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Found 6 results

  1. I’m thinking of adding two (or maybe four?) triple-glazed roof lights to my small building refurbishment. Nothing fancy or large, maybe 600mm x 900mm in size. It’s a small space (32msq) in the Outer Hebrides, so solar gain would probably be a benefit 🤣 I want them to finish flush to the pitched roof (not stand proud or be protruding) to avoid wind noise. They don’t need to be opening, as it's a single-volume space with lower windows. I know Velux have a widely recognisable brand name, but are they the best company/windows to use, or are there other companies I should also be considering?
  2. Our roof lights let in loads of light but are letting in loads of heat too, with the sun now high in the sky and outside temperatures in the 30s this week. So we are thinking of applying solar film. I don't think we get any value add in terms of heat in the winter as the sun is too low so not going to lose out on that. Please pass on stories, good and bad, and any recommended suppliers. There are some that just supply and some that also fit? Is it easy to self-fit? (we have easy access to the flat roof) And there is a minefield of different films to choose from......any recommendations of films? Thanks
  3. I'm detailing the up-stand (kerb) construction for a couple of fixed glazing roof lights in flat warm roof. I've done a thorough internet search for design detail information - particularly for the correct positioning of the vapour control layer (VCL) around the roof light kerb. Roof light manufacturer websites are noticeably unhelpful, mostly ignoring the need for any sort of VCL. I'm constructing the kerb from resin bonded exterior grade plywood (WPB), and the insulation will be tissue faced PIR. I can't see any way of fitting the VCL on the warm side of the insulation without building the kerb in two parts. An inner plywood skin is clearly needed to allow the fitting of the VCL to its vertical outer face, as well as to the inner face of the insulation. Latest best practice advice is to avoid any timber between the insulation and the weather proof membrane, so the question that arises Is how to continue with a reasonably strong and rigid box to support for the significant weight of the glazing elements, but with minimal penetration of either membrane. Is preservation treated WPB appropriate? I'll possibly need to post a drawing here, so my current thinking can be appreciated - if anyone feels it would help understand what I'm on about. Does anyone have any experience of this tricky situation?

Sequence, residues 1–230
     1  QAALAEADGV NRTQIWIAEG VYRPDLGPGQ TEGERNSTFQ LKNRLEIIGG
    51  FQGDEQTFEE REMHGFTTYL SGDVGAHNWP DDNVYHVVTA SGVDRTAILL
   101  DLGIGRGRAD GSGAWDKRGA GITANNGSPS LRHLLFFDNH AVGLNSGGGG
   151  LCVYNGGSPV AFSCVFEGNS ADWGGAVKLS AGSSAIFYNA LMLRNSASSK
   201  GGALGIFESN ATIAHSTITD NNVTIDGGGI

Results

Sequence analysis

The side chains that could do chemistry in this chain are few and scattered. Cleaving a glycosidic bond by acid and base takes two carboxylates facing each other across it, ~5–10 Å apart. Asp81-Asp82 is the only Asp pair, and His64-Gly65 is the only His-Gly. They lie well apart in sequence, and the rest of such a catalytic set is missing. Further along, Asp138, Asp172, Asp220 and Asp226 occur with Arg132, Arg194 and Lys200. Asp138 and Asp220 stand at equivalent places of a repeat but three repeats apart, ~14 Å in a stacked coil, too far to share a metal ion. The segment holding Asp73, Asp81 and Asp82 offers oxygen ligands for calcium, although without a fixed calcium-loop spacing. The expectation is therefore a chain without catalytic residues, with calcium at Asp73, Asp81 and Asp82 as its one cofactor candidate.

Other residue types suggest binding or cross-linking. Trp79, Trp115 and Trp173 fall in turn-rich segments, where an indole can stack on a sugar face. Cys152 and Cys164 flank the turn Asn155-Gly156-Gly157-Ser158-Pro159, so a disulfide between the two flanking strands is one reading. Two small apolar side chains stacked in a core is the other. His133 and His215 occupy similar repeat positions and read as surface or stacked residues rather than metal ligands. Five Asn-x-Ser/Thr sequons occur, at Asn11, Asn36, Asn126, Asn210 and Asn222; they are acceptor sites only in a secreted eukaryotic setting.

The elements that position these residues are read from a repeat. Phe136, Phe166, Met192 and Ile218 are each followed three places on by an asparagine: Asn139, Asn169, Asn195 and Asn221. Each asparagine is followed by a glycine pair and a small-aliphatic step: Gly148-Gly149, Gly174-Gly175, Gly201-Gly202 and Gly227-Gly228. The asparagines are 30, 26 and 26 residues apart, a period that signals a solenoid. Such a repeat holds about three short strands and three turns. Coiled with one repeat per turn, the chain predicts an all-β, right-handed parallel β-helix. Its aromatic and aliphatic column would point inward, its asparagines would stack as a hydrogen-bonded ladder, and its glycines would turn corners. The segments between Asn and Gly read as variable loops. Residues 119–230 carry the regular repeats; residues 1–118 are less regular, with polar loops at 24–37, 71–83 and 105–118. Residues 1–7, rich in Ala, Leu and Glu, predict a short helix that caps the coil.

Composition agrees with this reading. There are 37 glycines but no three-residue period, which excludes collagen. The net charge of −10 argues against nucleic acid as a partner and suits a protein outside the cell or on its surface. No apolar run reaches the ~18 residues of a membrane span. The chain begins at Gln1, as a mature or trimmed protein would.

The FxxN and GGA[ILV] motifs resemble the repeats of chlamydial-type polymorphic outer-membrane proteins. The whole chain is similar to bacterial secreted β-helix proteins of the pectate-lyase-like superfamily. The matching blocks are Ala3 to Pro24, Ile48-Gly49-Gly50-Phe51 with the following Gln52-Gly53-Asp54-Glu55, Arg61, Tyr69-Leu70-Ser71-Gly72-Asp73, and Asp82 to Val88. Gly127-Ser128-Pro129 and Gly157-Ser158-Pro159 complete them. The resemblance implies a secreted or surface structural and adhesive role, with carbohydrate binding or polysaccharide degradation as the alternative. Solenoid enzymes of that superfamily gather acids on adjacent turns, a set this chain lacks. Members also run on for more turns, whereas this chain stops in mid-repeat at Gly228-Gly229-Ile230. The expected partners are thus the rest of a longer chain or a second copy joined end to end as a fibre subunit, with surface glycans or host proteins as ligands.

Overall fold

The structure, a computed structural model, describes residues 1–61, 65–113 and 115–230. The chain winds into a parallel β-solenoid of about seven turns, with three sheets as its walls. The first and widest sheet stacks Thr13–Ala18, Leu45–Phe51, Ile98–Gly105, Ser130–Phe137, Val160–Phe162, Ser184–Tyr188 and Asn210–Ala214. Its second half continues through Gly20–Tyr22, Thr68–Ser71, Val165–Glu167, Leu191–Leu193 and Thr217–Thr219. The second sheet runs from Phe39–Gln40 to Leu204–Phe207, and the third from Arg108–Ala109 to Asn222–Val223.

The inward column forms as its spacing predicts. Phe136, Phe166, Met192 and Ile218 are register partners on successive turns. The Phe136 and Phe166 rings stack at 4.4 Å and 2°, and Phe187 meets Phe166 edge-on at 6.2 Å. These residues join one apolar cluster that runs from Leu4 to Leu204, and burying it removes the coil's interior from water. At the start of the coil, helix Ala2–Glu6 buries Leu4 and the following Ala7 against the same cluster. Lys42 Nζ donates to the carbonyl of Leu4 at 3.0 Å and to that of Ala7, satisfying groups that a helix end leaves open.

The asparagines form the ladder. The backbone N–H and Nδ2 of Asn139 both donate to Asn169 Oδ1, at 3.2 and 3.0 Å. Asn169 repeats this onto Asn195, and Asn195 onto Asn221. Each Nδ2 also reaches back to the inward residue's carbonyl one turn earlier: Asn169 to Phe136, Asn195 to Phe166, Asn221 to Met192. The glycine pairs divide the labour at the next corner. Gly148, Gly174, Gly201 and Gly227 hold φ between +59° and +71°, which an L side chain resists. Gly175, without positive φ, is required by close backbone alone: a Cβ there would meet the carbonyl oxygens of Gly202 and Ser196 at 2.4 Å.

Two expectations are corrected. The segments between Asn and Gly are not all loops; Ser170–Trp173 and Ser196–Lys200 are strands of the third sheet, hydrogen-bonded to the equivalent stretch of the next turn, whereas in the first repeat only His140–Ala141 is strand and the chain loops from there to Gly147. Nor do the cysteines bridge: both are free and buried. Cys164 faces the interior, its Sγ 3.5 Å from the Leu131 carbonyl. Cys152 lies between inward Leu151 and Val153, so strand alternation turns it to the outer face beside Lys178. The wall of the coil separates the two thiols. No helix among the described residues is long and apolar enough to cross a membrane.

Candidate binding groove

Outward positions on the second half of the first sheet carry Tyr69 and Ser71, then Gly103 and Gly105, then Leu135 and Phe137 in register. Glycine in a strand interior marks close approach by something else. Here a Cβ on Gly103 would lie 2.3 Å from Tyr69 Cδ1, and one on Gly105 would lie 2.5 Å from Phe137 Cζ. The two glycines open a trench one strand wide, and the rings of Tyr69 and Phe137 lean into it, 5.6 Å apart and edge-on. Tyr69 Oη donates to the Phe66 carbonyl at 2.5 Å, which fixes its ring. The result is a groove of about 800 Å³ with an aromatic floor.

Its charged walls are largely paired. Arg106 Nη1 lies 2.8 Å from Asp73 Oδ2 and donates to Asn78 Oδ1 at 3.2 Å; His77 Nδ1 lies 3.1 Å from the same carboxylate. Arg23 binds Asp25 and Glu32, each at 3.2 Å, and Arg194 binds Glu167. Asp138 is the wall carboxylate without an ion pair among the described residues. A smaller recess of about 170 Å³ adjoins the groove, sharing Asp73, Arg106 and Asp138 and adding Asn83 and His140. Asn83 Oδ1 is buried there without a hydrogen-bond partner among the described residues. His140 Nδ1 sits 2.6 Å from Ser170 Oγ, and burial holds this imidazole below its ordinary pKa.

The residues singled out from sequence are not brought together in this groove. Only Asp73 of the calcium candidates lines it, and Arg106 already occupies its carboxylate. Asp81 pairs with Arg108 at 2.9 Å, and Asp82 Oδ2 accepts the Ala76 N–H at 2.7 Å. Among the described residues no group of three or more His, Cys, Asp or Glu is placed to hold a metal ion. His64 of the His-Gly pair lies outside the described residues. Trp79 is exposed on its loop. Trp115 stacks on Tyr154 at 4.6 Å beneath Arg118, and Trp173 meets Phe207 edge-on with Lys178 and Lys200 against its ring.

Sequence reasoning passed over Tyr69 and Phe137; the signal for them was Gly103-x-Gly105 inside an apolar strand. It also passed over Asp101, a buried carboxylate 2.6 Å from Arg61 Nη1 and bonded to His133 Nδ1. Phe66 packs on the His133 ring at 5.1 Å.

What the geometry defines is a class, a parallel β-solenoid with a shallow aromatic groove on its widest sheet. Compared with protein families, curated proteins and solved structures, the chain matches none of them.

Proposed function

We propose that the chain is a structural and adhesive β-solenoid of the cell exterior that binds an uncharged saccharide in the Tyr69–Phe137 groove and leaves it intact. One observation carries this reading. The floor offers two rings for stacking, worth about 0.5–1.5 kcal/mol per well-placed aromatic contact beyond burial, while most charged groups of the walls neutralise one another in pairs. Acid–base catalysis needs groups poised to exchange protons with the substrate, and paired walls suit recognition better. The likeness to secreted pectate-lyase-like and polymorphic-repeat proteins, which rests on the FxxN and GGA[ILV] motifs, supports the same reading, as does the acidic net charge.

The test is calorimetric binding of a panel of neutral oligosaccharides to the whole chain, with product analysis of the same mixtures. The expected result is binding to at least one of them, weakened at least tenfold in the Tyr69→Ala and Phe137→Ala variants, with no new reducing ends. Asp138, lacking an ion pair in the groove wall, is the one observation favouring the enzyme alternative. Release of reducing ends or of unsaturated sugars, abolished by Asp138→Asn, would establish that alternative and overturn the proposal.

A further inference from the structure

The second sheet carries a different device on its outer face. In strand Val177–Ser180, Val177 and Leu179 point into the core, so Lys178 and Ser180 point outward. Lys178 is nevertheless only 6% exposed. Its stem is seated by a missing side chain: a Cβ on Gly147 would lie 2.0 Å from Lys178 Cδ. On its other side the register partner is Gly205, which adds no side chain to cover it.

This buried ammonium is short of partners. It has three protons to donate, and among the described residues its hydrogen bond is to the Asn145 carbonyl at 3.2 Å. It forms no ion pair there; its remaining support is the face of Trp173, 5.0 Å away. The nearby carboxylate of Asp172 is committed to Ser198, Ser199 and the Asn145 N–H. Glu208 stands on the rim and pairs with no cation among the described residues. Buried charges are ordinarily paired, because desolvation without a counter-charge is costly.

4. With the solar roof lights being only a little more than the electric Integra roof lights does anyone have any advice on: 1. which is more expensive to install (cost of builder fitting solar versus cost of electrician wiring the electric ones) 2. any problems long term with the solar ones if anyone has experienced issues with battery life or any other experience/advice which might sway my decision making. We'll have a mix of manual (for those easy to reach), solar (one large rooflight that doesn't come in electric so we have to go solar) and possibly the others integra. 3 of the roof lights will have the black solar reduction ornings fitted for hot summer days. Thank you
  5. Today our roof lights were installed. We are pleased with the finished product and how they fit. The blue sky and sunshine helps of course. Almost helped take the edge off the unexpected contract lift costs (£1380 in the end, but we have managed to avoid the additional VAT and we got him to lift some roof trusses off the scaffolding which saved a job). Their man on site today admitted that it had taken a long time to get to this point. Not wrong! The photos will hopefully do them justice. Already they make such a difference to the light inside the house. And the feature window (circular on the top, octagonal currently from inside) in the full height entrance hall is really fantastic. Any thoughts on how to get the internals finished on this octagonal light? I was wanting to make it circular (and the window company advises this so that we don't get any issues with condensation on the visible frame (which would be covered by the insulation if we did make it circular).
  6. From @JSHarris and others I have learnt about the importance of decrement delay as a characteristic of the fabric of a house in providing internal comfort. Background. My build may well be a single-floored, flat-roofed building of contemporary design. As a rear-garden plot surrounded by other dwellings, it has precious few sight lines and instead will have a profusion of roof lights to let in light. As a (near) Passive House, the roof will be thick and there is a concern that the roof lights will give the impression from inside of a house deep underground. One suggestion to address this is to thin the roof, to use high-prefromance insulation such as vacuum panels in the roof to improve the aesthetic look instead of cellulose filled I-beams. So far so good but I worry that a roof with vacuum panels will have a low decrement-delay factor. So to the subject decrement delay. As I have learnt, a cellulose-filled roof would have a welcome decrement factor. But what about vacuum panels? I have done a little google-ing and came across the following summarised from here: Thus to my question: how can Vacuum Insulated Panels have a decrement delay of 0 hr? I understand that the decrement-delay factor is product of λ (lambda), which is very low for vacuum panels. But is also related to specific heat capacity and the density of the material concerned and I do not understand how to consider these two for a vacuum insulated panel. I wonder, can anyone enlighten me? (For those interested in learning more about decrement delay factor, I found this explanation a help: http://www.greenspec.co.uk/building-design/decrement-delay/)
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